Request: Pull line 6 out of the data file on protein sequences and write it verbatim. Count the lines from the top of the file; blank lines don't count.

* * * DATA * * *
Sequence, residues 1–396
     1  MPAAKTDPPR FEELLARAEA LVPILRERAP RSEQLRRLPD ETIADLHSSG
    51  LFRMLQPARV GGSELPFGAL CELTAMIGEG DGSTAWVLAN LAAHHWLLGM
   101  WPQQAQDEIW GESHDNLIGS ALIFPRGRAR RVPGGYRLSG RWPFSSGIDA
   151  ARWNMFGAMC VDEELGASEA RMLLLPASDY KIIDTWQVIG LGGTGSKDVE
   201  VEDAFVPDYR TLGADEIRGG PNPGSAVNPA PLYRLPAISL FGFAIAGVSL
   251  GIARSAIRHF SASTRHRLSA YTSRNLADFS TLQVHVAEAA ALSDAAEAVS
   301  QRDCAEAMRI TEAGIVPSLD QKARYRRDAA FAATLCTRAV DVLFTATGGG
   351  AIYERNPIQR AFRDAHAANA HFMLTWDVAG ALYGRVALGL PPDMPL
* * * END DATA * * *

   201  VEDAFVPDYR TLGADEIRGG PNPGSAVNPA PLYRLPAISL FGFAIAGVSL